Last Updated on December 25, 2020 by Kelly Thoreson
Despite a life spent writing, I found out the hard way that creating content for a blog is difficult work.
When I first started blogging, I struggled to produce 1 post per month, which will get you a fat lot of nowhere as a blogger.
Through a whole lot of trial and error, I was able to pinpoint and sort out what was holding me back from creating content, the results surprised me and I want to share them with you!
Below we’ll look at the 3 reasons I wasn’t creating content and what I did to CRUSH them and become a blogging MACHINE so you can learn from my mistakes.
Problem #1: You’re Distracted AF
I get distracted easily. Like, ruh-eeeally easily.
I see a squirrel, I chase it, no question.
Solution #1: Prep & Will Power
The solution is so simple it will make you want to puke: preparation and will power.
I know, that seems like a lame copout that your 5th grade teacher tells you after handing in your essay late. Alas, it looks like Mrs. Hobbs was right!
How to Prepare for Creating Content
Before you sit down to write, prepare EVERYTHING you need to ensure you do not get up from that seat until you’re at a logical stopping point.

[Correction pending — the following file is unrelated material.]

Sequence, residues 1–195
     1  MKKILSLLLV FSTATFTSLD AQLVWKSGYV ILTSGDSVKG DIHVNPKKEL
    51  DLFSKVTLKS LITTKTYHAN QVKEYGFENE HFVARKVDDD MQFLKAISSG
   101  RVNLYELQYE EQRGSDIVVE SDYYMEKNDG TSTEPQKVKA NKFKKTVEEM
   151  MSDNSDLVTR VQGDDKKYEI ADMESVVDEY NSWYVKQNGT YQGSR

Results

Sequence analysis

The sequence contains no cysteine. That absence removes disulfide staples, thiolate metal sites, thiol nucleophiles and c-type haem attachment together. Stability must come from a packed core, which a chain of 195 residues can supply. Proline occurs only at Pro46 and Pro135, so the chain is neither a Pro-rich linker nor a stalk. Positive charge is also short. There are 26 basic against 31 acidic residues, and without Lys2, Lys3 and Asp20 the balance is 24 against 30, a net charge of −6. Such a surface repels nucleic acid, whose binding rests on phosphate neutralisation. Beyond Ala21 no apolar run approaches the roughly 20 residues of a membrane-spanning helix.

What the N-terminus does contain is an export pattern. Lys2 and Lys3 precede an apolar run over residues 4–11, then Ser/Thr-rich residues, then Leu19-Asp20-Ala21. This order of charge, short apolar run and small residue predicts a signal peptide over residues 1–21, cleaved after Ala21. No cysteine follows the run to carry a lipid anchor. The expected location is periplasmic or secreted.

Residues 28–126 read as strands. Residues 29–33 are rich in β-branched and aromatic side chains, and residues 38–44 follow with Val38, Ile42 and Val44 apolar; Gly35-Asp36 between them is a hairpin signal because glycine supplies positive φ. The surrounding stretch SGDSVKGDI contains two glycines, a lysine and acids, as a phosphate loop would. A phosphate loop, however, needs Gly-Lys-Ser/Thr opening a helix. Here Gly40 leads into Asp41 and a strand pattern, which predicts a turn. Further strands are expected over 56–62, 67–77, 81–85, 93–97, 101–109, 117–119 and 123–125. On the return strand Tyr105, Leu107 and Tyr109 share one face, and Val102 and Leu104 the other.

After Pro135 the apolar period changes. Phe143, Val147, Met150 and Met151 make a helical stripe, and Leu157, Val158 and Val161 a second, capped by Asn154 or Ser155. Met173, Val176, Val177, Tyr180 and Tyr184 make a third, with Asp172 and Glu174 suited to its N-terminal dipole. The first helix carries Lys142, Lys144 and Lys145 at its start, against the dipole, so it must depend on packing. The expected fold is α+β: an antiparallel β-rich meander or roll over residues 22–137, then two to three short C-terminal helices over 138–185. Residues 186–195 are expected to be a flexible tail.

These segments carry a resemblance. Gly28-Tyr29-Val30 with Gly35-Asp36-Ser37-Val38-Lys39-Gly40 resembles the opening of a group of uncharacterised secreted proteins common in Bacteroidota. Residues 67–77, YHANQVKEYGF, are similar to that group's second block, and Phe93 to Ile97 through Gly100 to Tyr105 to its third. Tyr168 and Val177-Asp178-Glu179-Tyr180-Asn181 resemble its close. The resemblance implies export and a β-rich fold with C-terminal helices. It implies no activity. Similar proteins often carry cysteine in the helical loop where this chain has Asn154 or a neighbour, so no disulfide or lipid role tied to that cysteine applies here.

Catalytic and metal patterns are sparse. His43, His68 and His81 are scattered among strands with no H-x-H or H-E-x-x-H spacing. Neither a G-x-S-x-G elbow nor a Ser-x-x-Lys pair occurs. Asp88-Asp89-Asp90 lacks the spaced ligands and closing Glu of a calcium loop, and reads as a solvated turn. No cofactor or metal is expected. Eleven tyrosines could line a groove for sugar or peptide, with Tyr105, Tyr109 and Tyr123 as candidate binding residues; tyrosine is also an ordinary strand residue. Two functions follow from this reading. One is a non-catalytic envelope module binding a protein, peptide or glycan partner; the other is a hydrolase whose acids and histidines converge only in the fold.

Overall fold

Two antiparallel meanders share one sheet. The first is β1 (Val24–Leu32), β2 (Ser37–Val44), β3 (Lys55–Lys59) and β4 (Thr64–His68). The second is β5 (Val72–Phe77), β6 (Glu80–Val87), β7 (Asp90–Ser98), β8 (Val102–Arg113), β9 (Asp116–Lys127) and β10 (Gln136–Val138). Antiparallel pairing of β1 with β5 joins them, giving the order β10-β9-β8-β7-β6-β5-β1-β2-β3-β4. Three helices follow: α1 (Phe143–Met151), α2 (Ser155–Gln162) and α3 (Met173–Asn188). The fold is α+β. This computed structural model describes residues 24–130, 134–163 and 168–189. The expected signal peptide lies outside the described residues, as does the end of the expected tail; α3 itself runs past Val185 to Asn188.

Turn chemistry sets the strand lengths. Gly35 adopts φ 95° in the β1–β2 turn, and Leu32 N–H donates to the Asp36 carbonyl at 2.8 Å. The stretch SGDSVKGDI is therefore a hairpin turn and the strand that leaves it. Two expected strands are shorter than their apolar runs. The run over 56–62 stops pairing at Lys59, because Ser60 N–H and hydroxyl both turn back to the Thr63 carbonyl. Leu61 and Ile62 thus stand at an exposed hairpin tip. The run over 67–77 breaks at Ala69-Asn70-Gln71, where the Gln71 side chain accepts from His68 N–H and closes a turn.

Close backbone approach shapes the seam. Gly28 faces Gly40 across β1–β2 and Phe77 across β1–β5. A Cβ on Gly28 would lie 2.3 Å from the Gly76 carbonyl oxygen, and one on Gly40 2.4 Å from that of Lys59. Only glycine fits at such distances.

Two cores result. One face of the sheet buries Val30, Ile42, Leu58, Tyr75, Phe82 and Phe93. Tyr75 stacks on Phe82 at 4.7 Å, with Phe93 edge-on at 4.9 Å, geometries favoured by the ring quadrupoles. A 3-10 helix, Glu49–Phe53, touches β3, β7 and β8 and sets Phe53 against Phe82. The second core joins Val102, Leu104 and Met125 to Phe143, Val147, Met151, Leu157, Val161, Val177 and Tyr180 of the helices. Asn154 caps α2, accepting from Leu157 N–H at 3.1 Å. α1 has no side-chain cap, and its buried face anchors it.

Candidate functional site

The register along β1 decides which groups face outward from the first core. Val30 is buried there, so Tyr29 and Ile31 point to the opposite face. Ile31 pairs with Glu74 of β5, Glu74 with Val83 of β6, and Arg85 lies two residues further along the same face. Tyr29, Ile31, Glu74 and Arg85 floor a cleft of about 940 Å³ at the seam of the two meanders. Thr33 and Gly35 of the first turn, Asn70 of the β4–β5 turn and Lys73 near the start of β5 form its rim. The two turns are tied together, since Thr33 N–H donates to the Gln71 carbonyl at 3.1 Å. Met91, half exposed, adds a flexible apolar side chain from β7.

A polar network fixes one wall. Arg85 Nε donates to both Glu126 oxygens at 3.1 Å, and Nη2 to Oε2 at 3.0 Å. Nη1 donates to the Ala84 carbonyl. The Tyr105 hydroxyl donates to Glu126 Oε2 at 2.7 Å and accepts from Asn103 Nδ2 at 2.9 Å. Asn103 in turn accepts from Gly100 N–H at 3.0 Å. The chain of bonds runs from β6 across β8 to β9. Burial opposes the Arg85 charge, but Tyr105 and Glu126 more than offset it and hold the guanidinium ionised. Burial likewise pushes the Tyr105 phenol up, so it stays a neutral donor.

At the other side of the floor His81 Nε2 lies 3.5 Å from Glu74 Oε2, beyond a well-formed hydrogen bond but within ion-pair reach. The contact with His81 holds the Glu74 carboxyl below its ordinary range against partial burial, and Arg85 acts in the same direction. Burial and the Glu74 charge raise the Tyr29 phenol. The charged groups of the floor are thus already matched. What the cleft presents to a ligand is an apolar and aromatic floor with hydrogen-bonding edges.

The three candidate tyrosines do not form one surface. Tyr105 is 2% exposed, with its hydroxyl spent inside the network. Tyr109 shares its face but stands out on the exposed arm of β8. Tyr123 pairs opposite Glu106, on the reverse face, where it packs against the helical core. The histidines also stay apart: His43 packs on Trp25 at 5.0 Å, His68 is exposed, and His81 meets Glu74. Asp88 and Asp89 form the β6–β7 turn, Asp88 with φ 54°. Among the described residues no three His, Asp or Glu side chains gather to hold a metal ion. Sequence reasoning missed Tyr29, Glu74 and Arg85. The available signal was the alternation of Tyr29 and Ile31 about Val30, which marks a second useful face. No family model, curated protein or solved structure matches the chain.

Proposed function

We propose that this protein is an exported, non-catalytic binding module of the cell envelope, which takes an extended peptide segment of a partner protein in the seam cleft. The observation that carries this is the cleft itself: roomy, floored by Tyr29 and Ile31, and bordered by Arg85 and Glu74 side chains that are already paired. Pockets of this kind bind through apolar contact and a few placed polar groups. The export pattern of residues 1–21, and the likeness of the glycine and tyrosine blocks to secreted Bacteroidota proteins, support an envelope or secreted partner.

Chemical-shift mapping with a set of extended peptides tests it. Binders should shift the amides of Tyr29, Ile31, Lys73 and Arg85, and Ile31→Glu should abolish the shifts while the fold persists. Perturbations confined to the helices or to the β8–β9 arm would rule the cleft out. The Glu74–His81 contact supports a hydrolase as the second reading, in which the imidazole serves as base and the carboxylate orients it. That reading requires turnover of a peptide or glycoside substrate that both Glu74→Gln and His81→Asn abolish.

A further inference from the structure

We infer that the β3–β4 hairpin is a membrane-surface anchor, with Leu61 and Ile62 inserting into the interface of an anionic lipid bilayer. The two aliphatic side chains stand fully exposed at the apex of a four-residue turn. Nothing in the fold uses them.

Here’s a shortlist of the distractions that will cause you to (a little too eagerly) abandon your post:
- You have to go potty (Yes, I said POTTY. Don’t judge me, I’m a mom)
- You’re cold
- You’re hot
- You’re thirsty
- You’re tired and need coffee
- You’re hungry
- Your environment is too loud
- You’re uncomfortable sitting
- You keep getting interrupted by family members
- You just need a damn break from looking at your computer screen
- Your phone is ringing, dinging, and vibrating
Now a not-short list of how to prepare for these distractions:
ALWAYS use the bathroom before you sit down to write.
Bio-breaks are a must, writers! Take care of business before sitting down.
Ask yourself: what’s the temperature in my writing space?
Cold? Wear socks and bring a jacket. Hot? Grab a table fan, turn on the AC. Done.
A bottle of water and a cup of coffee are writing essentials.
Don’t show up to the desk without them.
Eat first or grab a snack for later.
Again with those pesky biological needs! If you get up from your desk to grab a Lara Bar, you’re going to get distracted by 4 tasks on the way to the kitchen and an additional 9 on the way back (if you ever make it back).
Ask yourself: is my writing space noisy?
Always. carry. earplugs. My favorite are Hearos cause they’re cheap, soft, and punny.
Stand up to write.
Too much sitting is bad for you (click to read WebMD article). If you know you get uncomfortable sitting like I do get a laptop desk and place it on top of your regular writing surface so you can stand once it becomes uncomfortable to sit. Observe: